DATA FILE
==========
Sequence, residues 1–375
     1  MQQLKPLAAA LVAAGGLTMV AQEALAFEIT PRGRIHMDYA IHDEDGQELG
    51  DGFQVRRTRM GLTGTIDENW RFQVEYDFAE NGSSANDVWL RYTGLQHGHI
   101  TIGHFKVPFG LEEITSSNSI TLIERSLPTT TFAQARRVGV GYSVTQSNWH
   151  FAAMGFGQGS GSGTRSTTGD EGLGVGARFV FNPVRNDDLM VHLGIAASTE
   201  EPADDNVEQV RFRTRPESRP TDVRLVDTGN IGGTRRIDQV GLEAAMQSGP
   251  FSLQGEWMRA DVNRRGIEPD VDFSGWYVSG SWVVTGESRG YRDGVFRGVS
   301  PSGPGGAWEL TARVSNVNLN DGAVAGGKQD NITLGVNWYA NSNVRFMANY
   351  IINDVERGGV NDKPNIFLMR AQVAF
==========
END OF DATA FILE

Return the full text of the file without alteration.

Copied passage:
Sequence, residues 1–375
     1  MQQLKPLAAA LVAAGGLTMV AQEALAFEIT PRGRIHMDYA IHDEDGQELG
    51  DGFQVRRTRM GLTGTIDENW RFQVEYDFAE NGSSANDVWL RYTGLQHGHI
   101  TIGHFKVPFG LEEITSSNSI TLIERSLPTT TFAQARRVGV GYSVTQSNWH
   151  FAAMGFGQGS GSGTRSTTGD EGLGVGARFV FNPVRNDDLM VHLGIAASTE
   201  EPADDNVEQV RFRTRPESRP TDVRLVDTGN IGGTRRIDQV GLEAAMQSGP
   251  FSLQGEWMRA DVNRRGIEPD VDFSGWYVSG SWVVTGESRG YRDGVFRGVS
   301  PSGPGGAWEL TARVSNVNLN DGAVAGGKQD NITLGVNWYA NSNVRFMANY
   351  IINDVERGGV NDKPNIFLMR AQVAF